As Phuket gears up to reopen, bargain hunters and Chinese buyers eye property and investments

Construction News
Phuket,Thailand, 13 September 2020: Villas under construction on the ledge, real estate development in Phuket, drone view coconut palms. Shutterstock Images

As Phuket gears up to reopen, bargain hunters and Chinese buyers eye property and investments

Phuket remains high on the list for those on the lookout for a second home and business opportunities in a post-coronavirus world

There are heavily discounted homes and even entire resorts, while one property firm has recorded a 38 per cent increase in interest from China

Phuket remains high on the list for property buyers on the lookout for a second home in a post-pandemic world, but local developers say it could take years before the hospitality and property sectors that largely rely on international visitors and buyers recover.

Thailand’s most famous island is gearing up to reopen on July 1, with quarantine-free entry for vaccinated travellers.

Despite record cases in the kingdom since the start of the third wave of Covid-19 in March – more than 36,000 cases were detected in April, and there were 51,000 logged during May 1-19 alone – Phuket is adamant about reviving its status as the region’s top holiday destination and is accelerating the vaccination programme for locals and tourism workers on the island.

Vachira Phuket Hospital director Chalermpong Sukontapol said 450,000 Phuket residents would be vaccinated by June, while expats living on the island would start receiving the vaccines at the end of this month.

An empty hotel and beach which have opened for visitors is seen in Karon, Phuket Island. Photo: Reuters

The province has also stepped up safety measures ahead of the reopening. The Civil Aviation Authority of Thailand on Wednesday said passengers bound for Phuket must show that they have received two doses of a Covid-19 vaccine, or a negative coronavirus test 72 hours before boarding the flight. Those who arrive overland and fail to declare either of these must undergo a two-week quarantine.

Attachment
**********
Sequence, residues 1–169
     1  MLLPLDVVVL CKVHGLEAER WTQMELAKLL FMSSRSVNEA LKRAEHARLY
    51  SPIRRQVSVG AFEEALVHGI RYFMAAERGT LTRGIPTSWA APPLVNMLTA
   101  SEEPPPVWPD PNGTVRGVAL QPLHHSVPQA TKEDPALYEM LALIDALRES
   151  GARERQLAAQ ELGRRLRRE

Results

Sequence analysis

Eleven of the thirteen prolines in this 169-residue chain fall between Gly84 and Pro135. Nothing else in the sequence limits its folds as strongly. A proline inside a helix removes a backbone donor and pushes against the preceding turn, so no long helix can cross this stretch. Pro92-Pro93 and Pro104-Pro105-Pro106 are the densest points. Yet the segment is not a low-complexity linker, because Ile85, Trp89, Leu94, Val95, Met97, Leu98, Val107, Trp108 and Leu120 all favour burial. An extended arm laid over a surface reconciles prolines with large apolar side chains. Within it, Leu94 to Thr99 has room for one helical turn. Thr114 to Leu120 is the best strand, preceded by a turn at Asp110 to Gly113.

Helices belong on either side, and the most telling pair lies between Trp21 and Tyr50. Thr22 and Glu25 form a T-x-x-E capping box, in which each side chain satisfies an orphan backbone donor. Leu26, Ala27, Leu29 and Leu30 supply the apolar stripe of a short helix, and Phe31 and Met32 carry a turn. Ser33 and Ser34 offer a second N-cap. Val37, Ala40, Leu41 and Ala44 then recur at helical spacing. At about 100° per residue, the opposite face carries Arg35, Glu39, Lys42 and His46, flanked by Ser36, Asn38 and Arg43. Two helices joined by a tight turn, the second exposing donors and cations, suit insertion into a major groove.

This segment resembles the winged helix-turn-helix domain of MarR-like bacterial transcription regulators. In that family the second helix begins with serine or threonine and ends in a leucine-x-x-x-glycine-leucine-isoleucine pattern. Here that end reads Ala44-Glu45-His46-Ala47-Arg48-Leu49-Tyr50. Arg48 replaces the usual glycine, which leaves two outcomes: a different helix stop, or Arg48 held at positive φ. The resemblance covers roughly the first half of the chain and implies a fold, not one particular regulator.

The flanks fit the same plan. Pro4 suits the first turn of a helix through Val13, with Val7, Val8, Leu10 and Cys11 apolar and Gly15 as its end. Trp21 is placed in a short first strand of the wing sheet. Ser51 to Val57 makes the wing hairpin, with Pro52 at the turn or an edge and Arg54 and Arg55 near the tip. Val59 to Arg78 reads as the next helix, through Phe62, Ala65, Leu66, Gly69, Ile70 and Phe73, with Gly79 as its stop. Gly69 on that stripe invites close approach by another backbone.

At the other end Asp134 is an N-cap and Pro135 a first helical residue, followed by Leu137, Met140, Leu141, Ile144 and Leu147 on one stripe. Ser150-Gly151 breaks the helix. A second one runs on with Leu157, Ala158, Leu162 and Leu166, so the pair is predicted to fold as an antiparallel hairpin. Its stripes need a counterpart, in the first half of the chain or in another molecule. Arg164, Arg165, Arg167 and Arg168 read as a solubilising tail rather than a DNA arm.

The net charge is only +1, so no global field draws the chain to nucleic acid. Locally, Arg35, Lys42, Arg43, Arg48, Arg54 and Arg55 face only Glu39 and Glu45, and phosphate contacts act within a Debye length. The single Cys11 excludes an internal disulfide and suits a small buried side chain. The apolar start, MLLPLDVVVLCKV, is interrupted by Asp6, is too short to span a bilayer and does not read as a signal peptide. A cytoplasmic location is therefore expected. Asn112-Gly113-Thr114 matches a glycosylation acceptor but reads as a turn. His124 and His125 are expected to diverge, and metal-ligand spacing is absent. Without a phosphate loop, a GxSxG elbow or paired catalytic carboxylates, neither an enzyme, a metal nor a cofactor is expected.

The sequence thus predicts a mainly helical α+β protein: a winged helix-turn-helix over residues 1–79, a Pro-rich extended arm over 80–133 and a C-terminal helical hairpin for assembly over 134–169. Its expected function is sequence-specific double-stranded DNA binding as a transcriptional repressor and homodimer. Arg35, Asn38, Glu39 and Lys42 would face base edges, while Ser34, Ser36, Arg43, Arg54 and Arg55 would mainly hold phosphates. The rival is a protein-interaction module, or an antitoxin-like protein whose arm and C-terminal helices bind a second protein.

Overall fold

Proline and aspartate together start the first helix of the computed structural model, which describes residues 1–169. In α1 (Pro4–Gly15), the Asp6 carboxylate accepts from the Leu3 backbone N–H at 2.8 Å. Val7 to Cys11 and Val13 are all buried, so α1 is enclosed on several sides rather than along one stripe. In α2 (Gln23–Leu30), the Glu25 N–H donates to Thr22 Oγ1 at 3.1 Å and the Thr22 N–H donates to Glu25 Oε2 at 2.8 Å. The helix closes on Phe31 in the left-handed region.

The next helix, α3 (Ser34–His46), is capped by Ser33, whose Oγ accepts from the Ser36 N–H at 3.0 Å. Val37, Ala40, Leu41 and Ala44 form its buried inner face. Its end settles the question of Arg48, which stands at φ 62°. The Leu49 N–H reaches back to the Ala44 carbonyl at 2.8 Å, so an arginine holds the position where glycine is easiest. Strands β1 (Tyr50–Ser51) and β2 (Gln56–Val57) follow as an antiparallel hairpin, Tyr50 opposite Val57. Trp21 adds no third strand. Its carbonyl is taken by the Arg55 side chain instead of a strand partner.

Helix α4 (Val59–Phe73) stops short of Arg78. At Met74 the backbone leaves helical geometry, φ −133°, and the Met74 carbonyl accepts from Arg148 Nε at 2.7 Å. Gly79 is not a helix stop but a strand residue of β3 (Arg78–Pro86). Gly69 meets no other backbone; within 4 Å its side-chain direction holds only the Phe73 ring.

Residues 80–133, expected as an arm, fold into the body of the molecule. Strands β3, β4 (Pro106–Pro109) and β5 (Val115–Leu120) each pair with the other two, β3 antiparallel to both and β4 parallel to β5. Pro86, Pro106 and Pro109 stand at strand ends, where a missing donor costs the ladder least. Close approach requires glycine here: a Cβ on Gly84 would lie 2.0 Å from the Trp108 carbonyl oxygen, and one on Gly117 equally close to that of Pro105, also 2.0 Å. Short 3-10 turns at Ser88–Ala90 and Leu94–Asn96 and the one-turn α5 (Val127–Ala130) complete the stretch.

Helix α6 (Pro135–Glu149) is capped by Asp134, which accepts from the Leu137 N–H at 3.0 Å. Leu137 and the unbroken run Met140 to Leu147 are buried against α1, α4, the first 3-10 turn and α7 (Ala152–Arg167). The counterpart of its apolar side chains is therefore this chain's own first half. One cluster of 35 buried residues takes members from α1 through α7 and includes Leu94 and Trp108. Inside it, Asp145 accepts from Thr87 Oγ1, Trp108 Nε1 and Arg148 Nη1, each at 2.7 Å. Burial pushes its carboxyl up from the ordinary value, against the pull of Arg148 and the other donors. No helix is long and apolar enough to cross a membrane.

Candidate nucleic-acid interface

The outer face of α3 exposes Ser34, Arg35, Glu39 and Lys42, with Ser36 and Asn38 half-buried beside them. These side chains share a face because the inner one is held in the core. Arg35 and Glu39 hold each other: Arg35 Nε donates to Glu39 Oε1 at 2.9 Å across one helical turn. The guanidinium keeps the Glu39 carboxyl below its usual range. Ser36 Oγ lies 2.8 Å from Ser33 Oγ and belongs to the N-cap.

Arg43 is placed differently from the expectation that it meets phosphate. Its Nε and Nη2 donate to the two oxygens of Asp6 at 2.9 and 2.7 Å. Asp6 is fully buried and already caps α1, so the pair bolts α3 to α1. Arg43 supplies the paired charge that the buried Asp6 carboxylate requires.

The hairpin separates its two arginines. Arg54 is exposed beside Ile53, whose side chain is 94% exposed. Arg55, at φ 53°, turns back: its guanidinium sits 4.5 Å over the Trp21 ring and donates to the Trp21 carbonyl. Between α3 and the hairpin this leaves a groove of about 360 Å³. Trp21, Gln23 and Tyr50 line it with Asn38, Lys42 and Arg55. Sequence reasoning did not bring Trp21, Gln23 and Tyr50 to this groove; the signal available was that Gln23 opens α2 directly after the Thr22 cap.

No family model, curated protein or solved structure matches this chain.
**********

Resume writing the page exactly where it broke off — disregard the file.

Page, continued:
The island, situated in the Andaman Sea in Thailand’s west, has experienced a year of coronavirus-induced economic setbacks, with its beaches, bars and hotels left largely vacant as tourist numbers slumped by 80 per cent last year.

But there are signs of a rebound in one of Phuket’s major sectors: property. The island has long been a destination for foreign visitors, many from Russia or other European countries, looking to buy retirement or holiday homes or invest in buy-to-let properties such as villas or condominiums.

In a report released this month, Shanghai-based property technology company Juwai noted that Chinese buyer inquiries for Thai property increased 38 per cent in the first quarter of 2021 from a year earlier.

“This increase is exaggerated due to the free fall of a year ago, during the pandemic’s onset, but is nonetheless a welcome trend,” it said.
Nasupha Suwansri, vice-president of real estate agency IQI Phuket, a Juwai subsidiary, echoes this sentiment – partly, she said, because many properties in Phuket had to end last year with distress sales, a situation in which a proprietor has to accept a lower price.

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